I wrote this for our local village newsletter after a hoax warning story on hotel key cards holding personal credit card data on their magnetic strip found its way into the last issue.
You may have heard that Bob Holness played saxophone on Baker Street. Or that that you eat eight spiders during your lifetime. These are, of course, absolute nonsense; both were ‘made up facts’, the former as a spoof fact in the NME (by future-radio broadcaster Stuart Maconie), while the latter is even more weird – the story about how it was made up appears itself to have been made up!
The ability to quickly share things via e-mail or social media is a double-edged sword. On the one hand, it gets interesting or useful information to people quickly and cheaply, but on the other hand, much of it is absolute tosh. The problem is that we trust our friends or some vague reference to authority contained within the message, so we don’t check whether it’s real. It’s easy to be taken in – how many believed the fake “hotel key card” warning that was published in last month’s newsletter?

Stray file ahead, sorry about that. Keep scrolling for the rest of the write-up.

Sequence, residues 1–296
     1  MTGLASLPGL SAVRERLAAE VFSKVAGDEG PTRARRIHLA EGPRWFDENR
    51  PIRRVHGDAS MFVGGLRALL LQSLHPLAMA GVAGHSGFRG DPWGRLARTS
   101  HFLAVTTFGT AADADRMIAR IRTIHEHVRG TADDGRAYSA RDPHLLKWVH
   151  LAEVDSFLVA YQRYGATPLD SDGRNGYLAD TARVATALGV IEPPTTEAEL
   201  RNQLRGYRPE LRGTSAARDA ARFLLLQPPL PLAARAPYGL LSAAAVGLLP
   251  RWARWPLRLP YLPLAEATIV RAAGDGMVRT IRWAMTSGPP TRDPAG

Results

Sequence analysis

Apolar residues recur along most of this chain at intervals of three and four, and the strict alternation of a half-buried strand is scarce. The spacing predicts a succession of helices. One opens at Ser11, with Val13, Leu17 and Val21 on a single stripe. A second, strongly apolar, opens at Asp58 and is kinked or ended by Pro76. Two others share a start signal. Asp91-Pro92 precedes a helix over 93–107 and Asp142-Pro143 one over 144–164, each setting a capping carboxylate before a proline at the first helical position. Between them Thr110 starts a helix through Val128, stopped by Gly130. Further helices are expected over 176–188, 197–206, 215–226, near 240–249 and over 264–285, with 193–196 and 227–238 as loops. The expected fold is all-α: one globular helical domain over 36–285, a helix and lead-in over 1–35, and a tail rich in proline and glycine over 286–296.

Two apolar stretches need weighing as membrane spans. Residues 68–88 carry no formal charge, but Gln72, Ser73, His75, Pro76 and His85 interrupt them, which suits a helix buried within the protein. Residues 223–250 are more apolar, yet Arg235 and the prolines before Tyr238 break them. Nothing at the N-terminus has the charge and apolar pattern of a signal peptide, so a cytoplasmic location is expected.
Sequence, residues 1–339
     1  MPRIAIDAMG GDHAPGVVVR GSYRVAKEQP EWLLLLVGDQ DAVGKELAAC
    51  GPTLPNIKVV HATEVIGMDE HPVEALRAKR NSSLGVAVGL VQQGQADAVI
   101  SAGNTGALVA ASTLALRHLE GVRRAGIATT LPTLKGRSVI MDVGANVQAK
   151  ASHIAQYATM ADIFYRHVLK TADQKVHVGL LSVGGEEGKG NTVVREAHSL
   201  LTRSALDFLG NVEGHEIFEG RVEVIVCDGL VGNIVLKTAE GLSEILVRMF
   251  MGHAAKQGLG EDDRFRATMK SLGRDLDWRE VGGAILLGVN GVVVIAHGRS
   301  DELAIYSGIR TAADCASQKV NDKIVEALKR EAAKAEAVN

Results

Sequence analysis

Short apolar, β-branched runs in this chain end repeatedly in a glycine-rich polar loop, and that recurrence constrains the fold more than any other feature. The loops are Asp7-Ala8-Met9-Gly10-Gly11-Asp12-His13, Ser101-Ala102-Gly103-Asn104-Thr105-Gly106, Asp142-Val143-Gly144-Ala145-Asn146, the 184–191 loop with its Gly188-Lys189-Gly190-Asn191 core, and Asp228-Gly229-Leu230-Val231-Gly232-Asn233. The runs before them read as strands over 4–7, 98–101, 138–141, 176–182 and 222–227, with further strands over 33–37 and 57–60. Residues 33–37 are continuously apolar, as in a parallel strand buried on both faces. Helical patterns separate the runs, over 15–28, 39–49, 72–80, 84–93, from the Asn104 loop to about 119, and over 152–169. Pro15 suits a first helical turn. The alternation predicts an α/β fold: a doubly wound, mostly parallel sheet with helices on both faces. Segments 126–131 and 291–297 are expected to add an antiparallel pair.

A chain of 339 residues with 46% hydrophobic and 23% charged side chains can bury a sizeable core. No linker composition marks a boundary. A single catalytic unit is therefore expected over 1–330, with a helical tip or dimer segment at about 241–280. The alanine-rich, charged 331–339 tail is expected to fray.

So, how can you tell what’s real and what’s fake?
Well, there are two methods: the first is a quick rule of thumb. Look at the message your friend has shared. Does it have any of these common hoax indicators: a warning about something that threatens your safety or your money (to grab your attention); apparently sent by a police force or other body of authority (to make you believe it); a higher than average quota of exclamation marks!!!; a request to SHARE WITH YOUR FAMILY AND FRIENDS in upper case (to prompt you to act on it).
If it’s got all of them, 99% of the time it’s fake. The second method takes slightly longer but allows you to check the likely validity of the information. Go to any of the hoax-busting websites (such as www.hoax-slayer.com, www.snopes.com or www.hoaxbusters.org) and search for the information you suspect is a bit dodgy.
Other less alarmist shared nonsense is the ‘Chinese moneybags date’, Facebook copyright statement, Mars being the size of the moon in the sky, ‘share’ a Facebook page to win expensive prizes, and the recent ‘Total Wipeout Tour’ which has been hoovering up basic personal details for probable future use in online marketing.
Some people have responded to being hoaxed by saying “better safe than sorry” but it’s important to be able to distinguish real information from spam. Think of it as a someone else’s erroneous electronic graffiti which you are spraying on your friends’ walls. So remember to check before you share!